Jade Roberts On The Power of Pursuing Your Passion In The Fashion Industry

The fashion industry gets a bad name at times and for the most part, unfairly. So do the people employed within it. Many negative assumptions are made about the way fashion companies are run and in response, the cut-throat nature necessary to survive. Jade Roberts, designer for high street hero River Island, is a testament to the inaccurate nature of the fashion industry stereotypes.

She’s one of the few people whose passion for her future career was clear from the outset. Fashion was always on the cards for her and the natural next steps were a result of hard work, commitment and an unshakeable work ethic. Here, she tells The Style Edit about her route into the industry, the role New York city played and the most challenging aspects of her job often overlooked by outsiders.

For those interested in pursuing a career in the fashion industry, buckle up. You’ll want to take notes on this one.

How did you get your start in fashion?

I’ve known for a very, very long time that this was the career I wanted to end up in and so it’s been something I’ve been able to spend a lot of time getting good at. I’ve done it all from helping out behind the scenes at local fashion shows during my degree BA Hons Fashion Design & Textiles at the University of Ulster and showcasing my own collections at the Galway Fashion Innovation Awards to interning for four major fashion companies in NYC which have all lead me to where I am now. Its key to get as much experience as possible to ensure you and your portfolio stand out amongst the many people desperate to break into this industry.

Did you always want to work in fashion?

Always! I’ve never had a plan B. I truly do live it and breathe it. I have always been very creative and I was quite a geeky kid. I absolutely loved to read, I loved maths & arts & crafts. I insisted on styling my little sisters and holding fashion shows in my back garden.

At age 13 in my second year of secondary school, I was scanning through a list of all the possible career routes that Art & Design can lead and there it was – “Fashion designer”. From that moment on my journey began. I spent every free minute I had in that classroom with my little sketchbook, mannequin and sewing machine.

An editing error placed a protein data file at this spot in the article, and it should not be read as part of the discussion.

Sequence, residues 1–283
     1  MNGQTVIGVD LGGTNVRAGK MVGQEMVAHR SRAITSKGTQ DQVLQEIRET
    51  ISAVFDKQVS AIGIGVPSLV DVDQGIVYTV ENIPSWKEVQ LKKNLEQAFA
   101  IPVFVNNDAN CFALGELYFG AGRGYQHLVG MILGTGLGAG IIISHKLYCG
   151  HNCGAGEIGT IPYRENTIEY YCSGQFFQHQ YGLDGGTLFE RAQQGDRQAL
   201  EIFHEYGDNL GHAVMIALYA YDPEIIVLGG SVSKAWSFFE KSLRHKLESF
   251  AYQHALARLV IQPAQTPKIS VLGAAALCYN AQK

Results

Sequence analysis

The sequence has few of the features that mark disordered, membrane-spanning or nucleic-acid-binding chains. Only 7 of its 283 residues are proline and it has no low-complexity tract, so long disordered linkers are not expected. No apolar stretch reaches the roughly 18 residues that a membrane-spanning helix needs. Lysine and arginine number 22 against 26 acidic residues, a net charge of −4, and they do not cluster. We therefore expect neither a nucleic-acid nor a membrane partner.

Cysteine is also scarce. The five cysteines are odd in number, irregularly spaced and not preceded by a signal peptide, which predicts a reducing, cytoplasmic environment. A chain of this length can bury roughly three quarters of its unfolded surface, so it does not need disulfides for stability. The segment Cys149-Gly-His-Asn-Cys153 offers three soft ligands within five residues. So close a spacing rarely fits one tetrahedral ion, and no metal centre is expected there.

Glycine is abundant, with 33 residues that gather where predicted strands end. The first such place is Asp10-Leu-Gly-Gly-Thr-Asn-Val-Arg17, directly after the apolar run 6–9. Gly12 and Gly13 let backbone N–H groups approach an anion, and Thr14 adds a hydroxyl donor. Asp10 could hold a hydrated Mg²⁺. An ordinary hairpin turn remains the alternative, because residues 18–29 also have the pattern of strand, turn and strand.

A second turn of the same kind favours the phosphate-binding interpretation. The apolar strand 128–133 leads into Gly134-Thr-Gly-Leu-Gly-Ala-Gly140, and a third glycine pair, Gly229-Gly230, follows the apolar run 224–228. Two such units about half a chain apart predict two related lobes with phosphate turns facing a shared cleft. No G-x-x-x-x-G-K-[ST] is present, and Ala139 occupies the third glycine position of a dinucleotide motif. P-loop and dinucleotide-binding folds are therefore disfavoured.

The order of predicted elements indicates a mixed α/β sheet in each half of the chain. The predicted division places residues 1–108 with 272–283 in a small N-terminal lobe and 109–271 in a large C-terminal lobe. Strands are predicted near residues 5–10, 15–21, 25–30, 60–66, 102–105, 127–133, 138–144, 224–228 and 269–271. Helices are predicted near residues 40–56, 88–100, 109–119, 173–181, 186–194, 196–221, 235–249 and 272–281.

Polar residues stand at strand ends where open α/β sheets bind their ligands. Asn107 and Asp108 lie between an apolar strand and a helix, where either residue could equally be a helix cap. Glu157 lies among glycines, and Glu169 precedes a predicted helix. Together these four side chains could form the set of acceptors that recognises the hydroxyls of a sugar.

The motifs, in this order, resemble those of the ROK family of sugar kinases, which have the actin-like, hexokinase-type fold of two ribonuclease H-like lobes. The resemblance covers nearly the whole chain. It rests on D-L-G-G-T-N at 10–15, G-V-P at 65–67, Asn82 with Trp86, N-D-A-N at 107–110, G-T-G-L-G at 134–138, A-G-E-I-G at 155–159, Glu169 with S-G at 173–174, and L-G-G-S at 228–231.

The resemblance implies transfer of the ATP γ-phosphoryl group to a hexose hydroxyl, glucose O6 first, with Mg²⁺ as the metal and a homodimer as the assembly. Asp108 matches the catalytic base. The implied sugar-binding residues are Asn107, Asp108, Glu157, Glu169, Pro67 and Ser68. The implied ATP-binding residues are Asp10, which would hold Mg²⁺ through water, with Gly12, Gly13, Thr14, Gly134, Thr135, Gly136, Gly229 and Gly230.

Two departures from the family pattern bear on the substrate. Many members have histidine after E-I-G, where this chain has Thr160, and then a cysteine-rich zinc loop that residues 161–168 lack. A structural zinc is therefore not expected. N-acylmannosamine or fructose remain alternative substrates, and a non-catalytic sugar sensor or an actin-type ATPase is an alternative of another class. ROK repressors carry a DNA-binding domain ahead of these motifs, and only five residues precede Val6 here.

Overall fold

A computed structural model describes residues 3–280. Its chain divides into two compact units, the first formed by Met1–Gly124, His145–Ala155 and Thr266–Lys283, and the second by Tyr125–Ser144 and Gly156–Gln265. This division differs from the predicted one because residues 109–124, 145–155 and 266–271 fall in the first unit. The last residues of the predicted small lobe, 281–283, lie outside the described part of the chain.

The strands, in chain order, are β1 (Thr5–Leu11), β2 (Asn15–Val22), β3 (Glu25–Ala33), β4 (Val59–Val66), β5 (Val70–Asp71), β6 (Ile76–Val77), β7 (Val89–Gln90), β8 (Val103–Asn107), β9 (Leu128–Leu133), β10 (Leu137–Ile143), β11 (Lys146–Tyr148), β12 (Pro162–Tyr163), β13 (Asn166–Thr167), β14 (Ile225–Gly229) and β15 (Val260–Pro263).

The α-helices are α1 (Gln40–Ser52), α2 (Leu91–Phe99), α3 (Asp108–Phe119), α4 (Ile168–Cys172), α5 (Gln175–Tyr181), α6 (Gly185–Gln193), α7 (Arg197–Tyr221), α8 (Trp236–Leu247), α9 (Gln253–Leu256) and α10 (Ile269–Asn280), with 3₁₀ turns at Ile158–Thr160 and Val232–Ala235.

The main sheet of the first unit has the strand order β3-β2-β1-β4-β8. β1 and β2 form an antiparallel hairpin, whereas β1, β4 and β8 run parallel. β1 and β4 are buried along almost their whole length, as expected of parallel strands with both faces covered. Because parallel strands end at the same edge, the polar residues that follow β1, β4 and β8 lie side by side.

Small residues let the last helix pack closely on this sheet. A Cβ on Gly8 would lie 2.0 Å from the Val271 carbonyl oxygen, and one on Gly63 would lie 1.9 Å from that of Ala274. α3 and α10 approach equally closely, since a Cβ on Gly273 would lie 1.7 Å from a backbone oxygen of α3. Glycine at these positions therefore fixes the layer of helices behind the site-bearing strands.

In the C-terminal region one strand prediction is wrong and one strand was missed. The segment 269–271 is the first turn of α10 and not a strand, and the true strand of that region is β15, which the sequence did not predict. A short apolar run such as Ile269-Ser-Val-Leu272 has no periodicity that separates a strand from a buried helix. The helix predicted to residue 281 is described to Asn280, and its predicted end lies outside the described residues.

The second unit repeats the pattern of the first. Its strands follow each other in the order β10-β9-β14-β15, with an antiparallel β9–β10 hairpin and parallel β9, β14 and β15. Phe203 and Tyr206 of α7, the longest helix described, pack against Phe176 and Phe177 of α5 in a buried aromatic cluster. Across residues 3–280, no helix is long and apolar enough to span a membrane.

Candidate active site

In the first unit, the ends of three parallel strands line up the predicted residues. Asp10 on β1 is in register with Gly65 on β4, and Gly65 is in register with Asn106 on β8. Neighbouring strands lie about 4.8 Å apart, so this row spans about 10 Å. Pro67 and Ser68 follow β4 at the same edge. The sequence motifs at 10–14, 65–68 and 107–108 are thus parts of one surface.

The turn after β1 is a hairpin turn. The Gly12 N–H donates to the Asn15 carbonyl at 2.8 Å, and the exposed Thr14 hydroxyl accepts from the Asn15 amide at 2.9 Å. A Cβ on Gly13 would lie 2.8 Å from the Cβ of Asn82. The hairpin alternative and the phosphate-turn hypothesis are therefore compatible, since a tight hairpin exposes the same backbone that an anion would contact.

How did you start at River Island and how has your job evolved since then?

Starting in May 2015 as a design assistant I really have worked from the very bottom up. I now lead my own department with my little superstar assistant Abbie. I specialize in multi-product woven softs produced out of India. The product has got a very pretty, modern bohemian vibe working with special embellishments, embroideries, prints, lace the list goes on and on. It’s very intricate and really designed into. We often refer to it as the “Brand within the Brand”.

I cried the day I was offered this job. There isn’t a more perfect role for me. That’s what I truly love about working for River Island. They allow us to truly express ourselves freely, we aren’t micro-managed and that’s when the magic happens.

“I cried the day I was offered this job. There isn’t a more perfect role for me. That’s what I truly love about working for River Island. They allow us to truly express ourselves freely, we aren’t micro-managed and that’s when the magic happens.”

What does a typical day look like for you?

The thing with fashion is no day ever is the same nor can I ever predict how a day might turn out. Its chaotic, exciting and there is a lot of adrenaline to the extent it might be 5pm and I’ll realise I haven’t eaten lunch yet. I get bored very easily and hate routine so I’m able to adapt to this very fast paced ever changing industry.

Can you tell us more about your time spent in New York?

NY was honestly the ultimate dream and such a defining point in my life both career-wise and personally. I grew up with the idea that if you really wanted something, you can do it and that you become what you believe.

I was putting in 110% into absolutely everything I did. While all my friends were going out and spending all their student loans in Topshop, I was doing a lot of overtime at University (sometimes I even stayed over) and I was saving as much as I could to afford my flights, visa and everything else that comes with living in this dream city. The experience and insight into the industry that I got while I was there was better than even I could have imagined.

Upon arriving I was shortlisted to work behind the scenes at Fashion Week, so during my first week I had my screening and got the call, it was the perfect start to an exciting year. I then went on to intern for Jonathan Simkhai,(4 months) Diane Von Furstenburg,(3 months) Carolina Herrera (3 months) and finishing my last month with Anna Sui. I even had to decline a placement with Marc Jacobs.

As you can imagine it’s an extremely competitive industry. Your portfolio and resume really must stand out to even get an interview and the majority are not paid or will give you a weekly stipend of 100 dollars (covering travel and lunch). Because of this, I needed some sort of income to pay my rent and survive so I waitressed on the side. I would intern 9am – 7pm and then go straight to my bar job and sometimes work to 1-2am. It was tough. I was extremely sleep deprived and lost a lot of weight but I was in NY doing the exact thing I had dreamt of all my life. I knew that it would all be worth it.

“I grew up with the idea that if you really wanted something, you can do it and that you become what you believe.”

What was the biggest lesson you learned while interning in New York?

If you want something you need to go out there and get it. Nothing comes easy.

NY honestly was the making of me, not just in terms of what it did for my career but more importantly, I figured out exactly who I was. I spent a lot of time alone while I was there and I changed a lot. I knew what was important in life and what simply just wasn’t for me anymore.